The Waw of the quasi-conclusion in Job 36:26 corresponds to the Waw of the train of thought in Job 36:26 (Ges. 145, 2). מספּר שׁניו is, as the subject-notion, conceived as a nominative (vid., on Job 4:6), not as in similar quasi-antecedent clauses, e.g., Job 23:12, as an acc. of relation. שׂגּיא here and Job 37:23 occurs otherwise only in Old Testament Chaldee. In what follows Elihu describes the wondrous origin of rain. "If Job had only come," says a Midrash (Jalkut, 518), "to explain to us the matter of the race of the deluge (vid., especially Job 22:15-18), it had been sufficient; and if Elihu had only come to explain to us the matter of the origin of rain (מעשׂה ירידת גשׁמים), it had been enough." In Gesenius' Handwrterbuch, Job 36:27 is translated: when He has drawn up the drops of water to Himself, then, etc. But it is יגרע, not גּרע; and גּרע neither in Hebr. nor in Arab. signifies attrahere in sublime (Rosenm.), but only attrahere (root גר) and detrahere; the latter signification is the prevailing one in Hebr. (Job 15:8; Job 36:7). With כּי the transcendent exaltation of the Being who survives all changes of creation is shown by an example: He draws away (draws off, as it were) the water-drops, viz., from the waters that are confined above on the circle of the sky, which pass over us as mist and cloud (vid., Genesis, S. 107); and these water-drops distil down (זקק, to ooze, distil, here not in a transitive but an intransitive signification, since the water-drops are the rain itself) as rain, לאדו, with its mist, i.e., since a mist produced by it (Gen 2:6) fills the expanse (רקיע), the downfall of which is just this rain, which, as Job 36:28 says, the clouds (called שׁחקים on account of its thin strata of air, in distinction from the next mist-circle) cause to flow gently down upon the multitude of men, i.e., far and wide over the mass of men who inhabit the district visited by the rain; both verbs are used transitively here, both נזל as Isa 45:8, and רעף, as evidently Pro 3:20. אף אם, Job 36:29, commences an intensive question: moreover, could one understand = could one completely understand; which certainly, according to the sense, is equivalent to: how much less (אף כּי). אם is, however, the interrogative an, and אף אם corresponds to האף in the first member of the double question, Job 34:17; Job 40:8. מפרשׂי are not the burstings, from פּרשׂ = פּרס, frangere, findere, but spreadings, as Eze 27:7 shows, from פּרשׂ, expandere, Psa 105:39, comp. supra on Job 36:9. It is the growth of the storm-clouds, which collect often from a beginning "small as a man's hand" (Kg1 18:44), that is intended; majestic omnipotence conceals itself behind these as in a סכּה (Psa 18:12) woven out of thick branches; and the rolling thunder is here called the crash (תּשׁאות, as Job 39:7, is formed from שׁוא, to rumble, whence also שׁואה, if it is not after the form גּולה, migration, exile, from שׁאה morf ,, vid., on Job 30:3) of this pavilion of clouds in which the Thunderer works.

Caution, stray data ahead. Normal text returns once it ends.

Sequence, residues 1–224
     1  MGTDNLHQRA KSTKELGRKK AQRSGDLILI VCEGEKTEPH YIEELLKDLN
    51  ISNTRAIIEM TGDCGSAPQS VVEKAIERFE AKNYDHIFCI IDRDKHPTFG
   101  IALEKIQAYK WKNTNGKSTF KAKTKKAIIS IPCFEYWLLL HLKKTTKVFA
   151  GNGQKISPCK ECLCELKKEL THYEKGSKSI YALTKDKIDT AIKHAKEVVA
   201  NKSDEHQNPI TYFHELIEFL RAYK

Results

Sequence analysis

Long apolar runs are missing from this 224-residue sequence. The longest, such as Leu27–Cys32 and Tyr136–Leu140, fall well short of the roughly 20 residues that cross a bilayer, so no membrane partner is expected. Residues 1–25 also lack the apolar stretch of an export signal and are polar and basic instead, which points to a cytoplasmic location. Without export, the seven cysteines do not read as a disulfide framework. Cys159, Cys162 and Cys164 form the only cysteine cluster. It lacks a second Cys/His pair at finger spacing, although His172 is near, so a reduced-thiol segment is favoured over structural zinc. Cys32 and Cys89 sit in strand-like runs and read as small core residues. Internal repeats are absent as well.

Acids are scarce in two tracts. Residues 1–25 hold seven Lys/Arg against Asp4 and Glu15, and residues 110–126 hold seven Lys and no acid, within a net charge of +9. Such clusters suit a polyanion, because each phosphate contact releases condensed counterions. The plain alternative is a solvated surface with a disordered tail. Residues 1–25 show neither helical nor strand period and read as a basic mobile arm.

30 Behold, He spreadeth His light over Himself,
And the roots of the sea He covereth.
31 For thereby He judgeth peoples,
He giveth food in abundance.
32 Both hands He covereth over with light,
And directeth it as one who hitteth the mark.
33 His noise announceth Him,
The cattle even that He is approaching.